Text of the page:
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In recent decades historians, postcolonial theorists and feminist scholars have demonstrated how, in a variety of geographical settings, gendered stereotypes supported the conquest and domination of overseas territories by European colonial regimes.
How did the world of nation-states come about? What happened to the world of empires that preceded it? How did the transition take place and how inevitable was it? These may seem (and indeed are) old questions.
In Colonial Al-Andalus, Professor Eric Calderwood explores the origin of a claim widely promoted in Moroccan tourism, arts, and literature and finds its roots in Spain’s colonial rhetoric.
One of the rare occasions on which a French Overseas Department has ever made both national and international headlines occurred in March and April 2017 when, over the course of one turbulent month, demonstrators filled the streets in towns in Guyane, French South America.
In The Ethnographic State: France and the Invention of Moroccan Islam, Edmund Burke does the important work of historicizing colonial-era research on Morocco and Moroccans.
In this history of representations and knowledge formation Sanjay Subrahmanyam turns a historian’s gaze to the problems both implicitly and explicitly embedded in all histories of the early modern and modern world: why did Europeans represent and construct India and by extension, the non-European world in the ways that they did? Why and how did these constructs evolve?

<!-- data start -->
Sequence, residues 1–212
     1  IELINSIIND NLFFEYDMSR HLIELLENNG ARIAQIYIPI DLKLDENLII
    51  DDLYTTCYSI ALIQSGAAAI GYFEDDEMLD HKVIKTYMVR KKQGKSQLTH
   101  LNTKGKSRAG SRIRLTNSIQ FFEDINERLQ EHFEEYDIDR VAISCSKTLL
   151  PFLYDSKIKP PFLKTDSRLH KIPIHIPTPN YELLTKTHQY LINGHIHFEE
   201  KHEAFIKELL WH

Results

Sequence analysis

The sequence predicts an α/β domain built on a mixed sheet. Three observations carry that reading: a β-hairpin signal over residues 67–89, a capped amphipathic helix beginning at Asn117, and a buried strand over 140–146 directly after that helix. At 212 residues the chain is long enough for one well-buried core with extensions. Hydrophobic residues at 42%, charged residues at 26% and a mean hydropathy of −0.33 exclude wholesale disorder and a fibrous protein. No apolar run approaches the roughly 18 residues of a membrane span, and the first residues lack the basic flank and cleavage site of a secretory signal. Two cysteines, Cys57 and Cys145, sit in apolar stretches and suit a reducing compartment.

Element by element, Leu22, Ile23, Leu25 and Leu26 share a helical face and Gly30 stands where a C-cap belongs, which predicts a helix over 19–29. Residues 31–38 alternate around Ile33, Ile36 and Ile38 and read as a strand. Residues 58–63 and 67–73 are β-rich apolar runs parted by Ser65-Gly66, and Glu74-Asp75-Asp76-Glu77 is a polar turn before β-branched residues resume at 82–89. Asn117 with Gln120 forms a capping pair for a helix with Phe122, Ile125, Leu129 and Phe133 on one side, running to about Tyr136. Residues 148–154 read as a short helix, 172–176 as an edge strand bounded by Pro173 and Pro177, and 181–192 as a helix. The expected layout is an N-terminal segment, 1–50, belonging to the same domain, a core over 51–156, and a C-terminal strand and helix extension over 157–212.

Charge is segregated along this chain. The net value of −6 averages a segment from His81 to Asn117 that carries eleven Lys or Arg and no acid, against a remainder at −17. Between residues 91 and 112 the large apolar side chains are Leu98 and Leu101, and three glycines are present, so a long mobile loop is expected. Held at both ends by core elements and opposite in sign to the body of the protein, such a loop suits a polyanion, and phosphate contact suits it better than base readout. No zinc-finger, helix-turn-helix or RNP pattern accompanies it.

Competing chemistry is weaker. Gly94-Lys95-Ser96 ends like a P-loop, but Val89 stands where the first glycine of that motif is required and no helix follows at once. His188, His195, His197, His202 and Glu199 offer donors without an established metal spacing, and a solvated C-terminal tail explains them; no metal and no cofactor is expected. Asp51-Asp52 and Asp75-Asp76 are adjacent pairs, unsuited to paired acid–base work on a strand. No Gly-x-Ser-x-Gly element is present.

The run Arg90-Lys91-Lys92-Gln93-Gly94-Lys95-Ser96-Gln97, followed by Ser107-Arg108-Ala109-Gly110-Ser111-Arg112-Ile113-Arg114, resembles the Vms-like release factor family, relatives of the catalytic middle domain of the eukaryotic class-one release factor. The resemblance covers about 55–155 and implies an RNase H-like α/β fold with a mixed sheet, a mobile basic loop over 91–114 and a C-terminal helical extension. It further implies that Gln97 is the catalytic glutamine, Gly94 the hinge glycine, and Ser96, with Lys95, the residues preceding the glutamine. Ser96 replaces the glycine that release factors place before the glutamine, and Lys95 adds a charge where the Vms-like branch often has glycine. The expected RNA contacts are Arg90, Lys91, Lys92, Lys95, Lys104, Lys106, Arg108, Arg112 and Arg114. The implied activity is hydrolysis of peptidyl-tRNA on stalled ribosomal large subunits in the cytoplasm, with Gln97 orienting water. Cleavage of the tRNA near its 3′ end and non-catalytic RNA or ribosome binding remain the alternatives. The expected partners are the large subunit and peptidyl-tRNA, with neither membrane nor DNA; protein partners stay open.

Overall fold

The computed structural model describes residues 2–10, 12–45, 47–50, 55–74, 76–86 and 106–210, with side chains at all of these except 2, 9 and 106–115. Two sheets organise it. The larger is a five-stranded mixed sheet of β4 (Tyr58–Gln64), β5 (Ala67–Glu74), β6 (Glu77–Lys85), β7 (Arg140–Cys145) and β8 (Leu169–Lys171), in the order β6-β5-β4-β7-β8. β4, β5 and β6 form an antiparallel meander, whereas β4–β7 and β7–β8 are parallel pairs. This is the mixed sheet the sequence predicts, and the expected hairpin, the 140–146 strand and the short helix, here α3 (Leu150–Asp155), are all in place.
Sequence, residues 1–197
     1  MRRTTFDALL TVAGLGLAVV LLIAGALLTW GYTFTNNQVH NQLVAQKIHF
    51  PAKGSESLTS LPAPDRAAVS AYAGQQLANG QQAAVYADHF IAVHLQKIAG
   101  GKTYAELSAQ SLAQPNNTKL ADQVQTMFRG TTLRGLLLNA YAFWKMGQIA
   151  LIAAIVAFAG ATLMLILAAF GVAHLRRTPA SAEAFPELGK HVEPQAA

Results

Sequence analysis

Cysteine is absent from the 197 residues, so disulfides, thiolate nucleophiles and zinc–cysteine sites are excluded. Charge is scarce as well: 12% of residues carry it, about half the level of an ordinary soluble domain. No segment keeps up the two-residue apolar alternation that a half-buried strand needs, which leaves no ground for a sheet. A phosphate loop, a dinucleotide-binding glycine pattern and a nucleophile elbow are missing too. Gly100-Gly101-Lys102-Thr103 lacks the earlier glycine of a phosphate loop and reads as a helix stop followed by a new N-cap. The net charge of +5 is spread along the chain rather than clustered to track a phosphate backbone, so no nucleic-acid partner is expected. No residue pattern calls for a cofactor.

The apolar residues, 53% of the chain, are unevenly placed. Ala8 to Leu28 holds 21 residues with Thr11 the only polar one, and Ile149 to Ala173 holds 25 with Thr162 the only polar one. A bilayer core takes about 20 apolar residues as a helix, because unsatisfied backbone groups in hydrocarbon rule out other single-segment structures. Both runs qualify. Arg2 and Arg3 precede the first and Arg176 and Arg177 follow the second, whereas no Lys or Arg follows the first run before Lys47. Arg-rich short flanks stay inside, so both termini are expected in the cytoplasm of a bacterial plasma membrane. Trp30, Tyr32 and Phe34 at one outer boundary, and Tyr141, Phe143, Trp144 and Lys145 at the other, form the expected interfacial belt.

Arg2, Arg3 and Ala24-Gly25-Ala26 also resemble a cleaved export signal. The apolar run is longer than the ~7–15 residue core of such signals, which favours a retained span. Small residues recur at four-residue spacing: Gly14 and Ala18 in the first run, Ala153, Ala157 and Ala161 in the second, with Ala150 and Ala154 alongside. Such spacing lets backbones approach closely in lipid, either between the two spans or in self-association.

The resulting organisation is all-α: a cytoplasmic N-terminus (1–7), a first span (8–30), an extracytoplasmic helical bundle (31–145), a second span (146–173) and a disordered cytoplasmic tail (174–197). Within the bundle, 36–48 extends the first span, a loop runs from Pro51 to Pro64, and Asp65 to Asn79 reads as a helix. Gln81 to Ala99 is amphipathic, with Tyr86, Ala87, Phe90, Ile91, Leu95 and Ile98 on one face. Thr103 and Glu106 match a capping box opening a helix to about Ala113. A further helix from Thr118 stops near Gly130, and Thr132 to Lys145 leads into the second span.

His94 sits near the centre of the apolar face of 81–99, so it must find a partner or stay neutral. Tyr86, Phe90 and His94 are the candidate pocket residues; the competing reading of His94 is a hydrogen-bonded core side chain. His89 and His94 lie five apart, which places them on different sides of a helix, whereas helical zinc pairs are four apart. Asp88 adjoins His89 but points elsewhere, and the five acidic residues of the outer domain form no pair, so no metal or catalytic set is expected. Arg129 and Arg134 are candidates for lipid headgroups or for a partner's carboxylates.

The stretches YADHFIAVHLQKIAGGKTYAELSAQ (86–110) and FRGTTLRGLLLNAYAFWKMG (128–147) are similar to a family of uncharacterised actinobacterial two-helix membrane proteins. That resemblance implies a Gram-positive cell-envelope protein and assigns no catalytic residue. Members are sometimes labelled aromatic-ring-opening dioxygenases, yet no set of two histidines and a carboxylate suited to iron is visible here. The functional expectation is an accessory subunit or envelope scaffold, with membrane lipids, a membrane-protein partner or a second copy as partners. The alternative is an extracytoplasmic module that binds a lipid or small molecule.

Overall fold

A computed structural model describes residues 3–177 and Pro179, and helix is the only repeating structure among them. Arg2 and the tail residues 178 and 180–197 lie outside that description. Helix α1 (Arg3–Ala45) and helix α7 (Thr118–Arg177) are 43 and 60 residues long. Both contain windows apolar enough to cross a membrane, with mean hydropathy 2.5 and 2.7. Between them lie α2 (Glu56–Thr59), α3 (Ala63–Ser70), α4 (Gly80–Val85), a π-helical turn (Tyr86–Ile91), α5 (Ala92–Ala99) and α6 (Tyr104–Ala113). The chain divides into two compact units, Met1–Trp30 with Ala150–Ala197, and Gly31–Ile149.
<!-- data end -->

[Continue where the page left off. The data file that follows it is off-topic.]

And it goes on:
A closer look at the rhetoric surrounding the current Ukrainian-Russian conflict reveals it is as much about past as about the present or future. Not only have both sides regularly resorted to historical arguments, turning the past into yet another battleground in a ‘hybrid war’, but outside observers also look to the past in search for answers and explanations.
There were times during the resurgence of the economic crisis in 2015 when it seemed as if ‘Greek-bashing’ had become a pan-European pastime.
Contemporary interest in the period of the Crusades has intensified in the last decade or so, partly because of the inflammatory invocations of holy war and jihad made immediately after the traumatic events of 9/11.
Over the course of a long and distinguished career Donna Merwick has produced one of the most sustained and compelling inquiries into the life and culture of a single colony in colonial American historiography. Her time and place is the 17th-century Dutch colony of New Netherland which she has considered in four books and numerous chapters and articles.